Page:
Wood: The idea that long-term rent subsidies would reduce homelessness is not all that surprising, but the study adds to evidence that such assistance can prevent and end homelessness. The study also shows that families who experienced homelessness can use this type of assistance and sustain it over time. The study offers surprising lessons that the benefits of priority access to long-term subsidies radiated beyond housing stability—reducing intimate partner violence, psychological distress, food insecurity, and child separations. For children, the study also shows that access to long-term subsidies reduced school moves, school absences in the short-term, and behavior problems. These findings really are quite new.
Gubits: The striking thing about the long-term subsidies findings is that radiating benefits were achieved without the provision additional services. The long-term subsidies provided housing stability and allowed families to live in their own homes but were not accompanied by the type of social services that one might think would be helpful to families. As we write in the article, the fact that the radiating benefits occurred without additional social services is evidence that, for most families, homelessness is an economic problem that long-term subsidies resolve.
What challenges, if any, did you find when conducting this research? How can further study overcome these challenges?
Wood: Like any long-term national research study, the Family Options Study faced challenges. The study implementation offers lessons for conducting rigorous analysis in a complex service environment. The study was not conducted as a demonstration testing a specific new model but instead examined existing programs so our study team had to define the interventions to be studied and the distinguishing features to test. The study shows how important it is to be flexible in developing a research design to study existing programs. Site selection proved to be a lengthy and iterative process, requiring adaptations to local environments. The study’s also provides key lessons about making adjustments to intake and random assignment to account for varying program rules, while still achieving unbiased estimates of program impact.
Gubits: This study was a major undertaking over eight years. Two huge challenges that come to mind were community recruitment and survey data collection. Twelve communities participated in the study. Housing and homeless service providers in each community had to agree to reserve program slots for families in the study. Without the commitment of these communities, the study would not have been possible. Another major challenge was collecting survey data from the study families. Collecting survey data from families who are not in stable housing is quite a challenge. The study survey team did a fantastic job staying in touch with families which allowed for high response rates to the two long follow-up surveys.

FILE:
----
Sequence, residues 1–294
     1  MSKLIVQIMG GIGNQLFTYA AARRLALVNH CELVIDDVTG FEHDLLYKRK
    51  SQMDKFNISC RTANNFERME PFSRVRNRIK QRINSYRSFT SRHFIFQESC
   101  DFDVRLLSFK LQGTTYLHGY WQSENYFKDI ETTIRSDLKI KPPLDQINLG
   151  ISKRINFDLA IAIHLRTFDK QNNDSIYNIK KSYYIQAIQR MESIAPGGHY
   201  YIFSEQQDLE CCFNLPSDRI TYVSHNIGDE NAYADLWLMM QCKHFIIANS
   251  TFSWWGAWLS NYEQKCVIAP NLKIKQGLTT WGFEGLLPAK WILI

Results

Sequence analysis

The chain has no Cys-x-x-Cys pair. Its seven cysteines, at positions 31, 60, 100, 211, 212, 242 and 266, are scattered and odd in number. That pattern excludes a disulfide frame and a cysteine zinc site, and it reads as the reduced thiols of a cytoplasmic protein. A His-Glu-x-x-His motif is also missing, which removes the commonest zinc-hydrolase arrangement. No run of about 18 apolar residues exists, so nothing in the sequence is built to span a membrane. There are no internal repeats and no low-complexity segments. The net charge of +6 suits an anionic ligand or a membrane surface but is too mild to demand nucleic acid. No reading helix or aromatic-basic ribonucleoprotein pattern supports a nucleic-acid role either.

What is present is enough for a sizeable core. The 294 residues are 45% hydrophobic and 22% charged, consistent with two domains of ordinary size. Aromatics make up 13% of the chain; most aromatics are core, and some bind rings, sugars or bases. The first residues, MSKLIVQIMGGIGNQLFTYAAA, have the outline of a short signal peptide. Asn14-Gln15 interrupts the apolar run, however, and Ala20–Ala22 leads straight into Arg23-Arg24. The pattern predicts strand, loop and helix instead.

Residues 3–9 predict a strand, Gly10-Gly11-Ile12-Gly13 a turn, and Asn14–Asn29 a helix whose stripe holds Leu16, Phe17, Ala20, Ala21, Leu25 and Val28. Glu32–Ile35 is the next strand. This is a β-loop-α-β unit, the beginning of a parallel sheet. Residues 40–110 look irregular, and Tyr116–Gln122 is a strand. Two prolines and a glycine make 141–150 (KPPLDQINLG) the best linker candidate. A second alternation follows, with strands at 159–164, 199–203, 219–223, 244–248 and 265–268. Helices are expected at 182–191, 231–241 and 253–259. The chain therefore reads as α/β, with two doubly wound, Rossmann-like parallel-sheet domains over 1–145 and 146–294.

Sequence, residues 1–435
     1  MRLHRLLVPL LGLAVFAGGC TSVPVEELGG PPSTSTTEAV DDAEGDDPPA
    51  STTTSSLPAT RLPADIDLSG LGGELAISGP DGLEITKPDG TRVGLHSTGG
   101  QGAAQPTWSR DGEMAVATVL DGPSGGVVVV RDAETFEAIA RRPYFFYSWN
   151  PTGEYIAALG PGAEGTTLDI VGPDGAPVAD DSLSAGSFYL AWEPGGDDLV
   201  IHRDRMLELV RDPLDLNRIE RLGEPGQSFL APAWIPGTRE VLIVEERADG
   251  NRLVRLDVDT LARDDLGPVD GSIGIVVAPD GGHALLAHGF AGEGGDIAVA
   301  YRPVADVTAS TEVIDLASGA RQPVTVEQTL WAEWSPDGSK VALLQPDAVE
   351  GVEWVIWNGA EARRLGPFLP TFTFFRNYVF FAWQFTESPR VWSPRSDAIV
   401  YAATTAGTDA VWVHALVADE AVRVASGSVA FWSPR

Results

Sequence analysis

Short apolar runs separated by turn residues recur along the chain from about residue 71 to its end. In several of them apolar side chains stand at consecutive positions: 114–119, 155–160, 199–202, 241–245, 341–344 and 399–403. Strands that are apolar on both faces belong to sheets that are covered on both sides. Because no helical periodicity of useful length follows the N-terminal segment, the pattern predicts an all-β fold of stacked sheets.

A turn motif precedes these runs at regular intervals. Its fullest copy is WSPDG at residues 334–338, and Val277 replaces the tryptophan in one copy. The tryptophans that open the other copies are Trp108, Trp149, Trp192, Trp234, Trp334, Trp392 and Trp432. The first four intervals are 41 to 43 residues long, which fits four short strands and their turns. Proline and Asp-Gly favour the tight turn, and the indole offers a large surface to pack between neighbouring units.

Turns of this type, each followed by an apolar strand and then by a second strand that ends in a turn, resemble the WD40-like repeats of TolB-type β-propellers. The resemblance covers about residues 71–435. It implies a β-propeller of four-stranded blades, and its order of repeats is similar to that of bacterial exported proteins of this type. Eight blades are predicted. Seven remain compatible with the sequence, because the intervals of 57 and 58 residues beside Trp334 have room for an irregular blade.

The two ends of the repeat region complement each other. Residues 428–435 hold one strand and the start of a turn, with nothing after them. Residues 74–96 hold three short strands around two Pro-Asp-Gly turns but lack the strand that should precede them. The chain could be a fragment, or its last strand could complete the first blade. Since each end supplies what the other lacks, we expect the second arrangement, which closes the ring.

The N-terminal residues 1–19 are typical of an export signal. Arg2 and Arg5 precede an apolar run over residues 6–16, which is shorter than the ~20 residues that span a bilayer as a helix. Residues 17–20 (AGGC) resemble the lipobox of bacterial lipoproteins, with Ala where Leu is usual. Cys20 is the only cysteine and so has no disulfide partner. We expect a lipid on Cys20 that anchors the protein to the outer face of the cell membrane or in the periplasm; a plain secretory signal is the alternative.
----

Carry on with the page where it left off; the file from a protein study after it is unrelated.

How does this study impact or add to the existing research? How would you like to see your findings implemented?
Gubits: This study provides clear causal evidence of the benefits of offering long-term rent subsidies to families experiencing homelessness. This study is special in that the federal government has been quick to act on the findings. Based on the study results, the Obama administration requested $8.8 billion over 10 years to provide additional long-term subsidies to families experiencing homelessness. Even though this request was not funded by Congress, it is very gratifying as a researcher to see the federal government using research in the budget process.
Wood: HUD considers the Family Options Study groundbreaking, both for the power and clarity of the findings, but also for the rich set of data collected for parents and children for a three-year period after a stay in emergency shelter. The data collected for the study are available to other researchers who may want to explore a range of questions about the experiences of parents and children after an episode of homelessness. The study also offers new insights about how families in emergency shelter can use long-term housing assistance and sustain it over time. The study offers an in-depth assessment of the costs of a range of homeless assistance programs.
About the Authors
Daniel Gubits is a Principal Associate of Social and Economic Policy at Abt Associates. He conducts research in the areas of housing, homelessness, economic self-sufficiency and disability policy. Gubits’ expertise is in econometric modeling, data analysis, and random assignment program evaluation.